Non-Matrimonial Assets and How to Protect Them
When a couple divorce, it’s assumed that splitting their assets will be a swift and straight forward process, with each party taking a 50/50 share of any jointly owned property and funds.
In reality, matters are often more complex, and it’s possible that one person will leave the marriage with a greater share of any property, savings, investments, pensions and valuables than the other, dependent on the past, current and future financial circumstances of the couple along with the nature and value of their shared and personal assets.
Understanding divorce law and protecting the assets you feel most strongly about (whether a family inheritance or a business you started during the marriage) can be stressful and challenging. It’s vital, therefore, that you seek representation from a specialist family law solicitor in order to secure a favourable outcome for yourself and any children you have.
Are there different types of marital assets?
The law in England and Wales recognises that there are two types of assets to be taken into consideration during divorce proceedings: matrimonial assets and non-matrimonial assets.
During divorce or separation, it’s important to distinguish between these types, as it could make a difference to your Financial Settlement (the lump sum or regular payment you receive on finalising your divorce.)
Matrimonial assets are any financial assets that you and / or your spouse acquired during the course of your marriage (the time elapsed between the date of your wedding and your separation, rather than the full length of your relationship.)
Matrimonial assets include the family home along with any pension plans, investments, savings and jointly owned possessions like cars and furniture that you’ve acquired, as a couple. It doesn’t matter who put the money forward or who accumulated the wealth. The law in England and Wales states that any assets you gain, while married, also belong to your husband or wife (who is entitled to a share of them, should you divorce.)
Matrimonial assets can also include any property acquired before the date of the marriage if this was purchased for use as the family home, or any furniture that was bought specifically for this residence.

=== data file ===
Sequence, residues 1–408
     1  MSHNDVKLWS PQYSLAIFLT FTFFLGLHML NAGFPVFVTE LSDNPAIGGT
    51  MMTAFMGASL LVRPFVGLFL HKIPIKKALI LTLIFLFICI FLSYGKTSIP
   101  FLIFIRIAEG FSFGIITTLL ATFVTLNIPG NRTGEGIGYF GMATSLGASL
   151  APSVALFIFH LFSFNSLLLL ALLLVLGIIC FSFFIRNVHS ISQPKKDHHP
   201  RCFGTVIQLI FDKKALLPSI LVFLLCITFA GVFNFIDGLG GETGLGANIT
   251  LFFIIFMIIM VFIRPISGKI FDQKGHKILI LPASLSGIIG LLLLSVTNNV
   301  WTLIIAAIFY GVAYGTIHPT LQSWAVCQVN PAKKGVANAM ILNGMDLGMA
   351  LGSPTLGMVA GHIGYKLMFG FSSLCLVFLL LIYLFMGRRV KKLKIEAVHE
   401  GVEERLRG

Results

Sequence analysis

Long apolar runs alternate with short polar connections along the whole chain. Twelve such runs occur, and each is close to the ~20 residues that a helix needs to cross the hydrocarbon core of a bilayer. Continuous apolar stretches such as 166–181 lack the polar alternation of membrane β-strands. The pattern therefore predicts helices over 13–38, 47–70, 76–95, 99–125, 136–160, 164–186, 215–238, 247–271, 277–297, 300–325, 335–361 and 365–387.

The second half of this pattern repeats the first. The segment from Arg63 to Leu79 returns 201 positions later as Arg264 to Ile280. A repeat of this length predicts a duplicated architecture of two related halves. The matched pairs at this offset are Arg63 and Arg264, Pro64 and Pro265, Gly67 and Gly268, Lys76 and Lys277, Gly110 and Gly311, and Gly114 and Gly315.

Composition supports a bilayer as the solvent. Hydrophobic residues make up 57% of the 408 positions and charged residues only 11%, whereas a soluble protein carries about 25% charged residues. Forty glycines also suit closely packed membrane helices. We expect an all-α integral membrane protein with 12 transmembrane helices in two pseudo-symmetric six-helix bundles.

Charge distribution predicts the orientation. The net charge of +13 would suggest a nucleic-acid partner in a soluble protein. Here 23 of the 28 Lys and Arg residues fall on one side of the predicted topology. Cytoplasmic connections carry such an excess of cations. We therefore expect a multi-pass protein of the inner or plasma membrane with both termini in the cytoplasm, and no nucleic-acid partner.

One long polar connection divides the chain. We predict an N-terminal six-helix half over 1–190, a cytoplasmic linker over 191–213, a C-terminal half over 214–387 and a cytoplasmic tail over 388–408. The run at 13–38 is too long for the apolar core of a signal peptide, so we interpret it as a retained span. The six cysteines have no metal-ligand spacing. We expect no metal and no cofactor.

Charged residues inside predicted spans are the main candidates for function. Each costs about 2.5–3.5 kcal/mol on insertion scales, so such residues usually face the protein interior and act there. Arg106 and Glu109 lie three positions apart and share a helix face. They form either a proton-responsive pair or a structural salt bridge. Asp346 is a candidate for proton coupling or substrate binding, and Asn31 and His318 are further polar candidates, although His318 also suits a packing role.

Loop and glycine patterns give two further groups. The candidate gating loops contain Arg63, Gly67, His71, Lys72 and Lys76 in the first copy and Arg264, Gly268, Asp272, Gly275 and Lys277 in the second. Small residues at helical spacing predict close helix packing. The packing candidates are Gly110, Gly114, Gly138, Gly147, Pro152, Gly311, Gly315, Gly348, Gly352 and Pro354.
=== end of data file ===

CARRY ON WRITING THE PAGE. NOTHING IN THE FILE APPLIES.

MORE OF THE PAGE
We also hear matrimonial assets referred to as ‘assets matrimonial,’ ‘matrimonial property,’ ‘family assets’ and ‘community property.’
Non-matrimonial assets are financial assets acquired before the date of your marriage (either as a single person or while cohabiting) or after you separate.
As well as pension plans, investments, savings and high-value possessions, non-matrimonial assets can include inheritance, family businesses and property purchased in your own name, rather than jointly with your spouse.
These assets must not have mingled during the course of your marriage – for instance, a property that you owned a single person being transferred to joint ownership after you became husband and wife.
We also hear non-matrimonial assets referred to as ‘non-marital property’ and ‘extra marital property.’
What happens to matrimonial assets when a couple divorce?
When a couple divorce, they need to reach a Financial Settlement that’s fair and reasonable for each party. As part of this process, there will naturally be some debate about how things are divided.
Matrimonial assets will, by their nature, be shared between spouses during divorce proceedings – no matter where the money came from or who earned it in order to fund them. This doesn’t mean that they will automatically be split equally, however. The court will make a decision to allocate funds based on the current and likely future financial situation of each party.
What happens to non-matrimonial assets when a couple divorce?
Non-matrimonial assets can be more complex to consider than matrimonial assets, which are automatically included in your Financial Settlement.
The first step in your divorce proceedings will usually be a full and frank financial disclosure that identifies your assets as a couple, both matrimonial and non-matrimonial.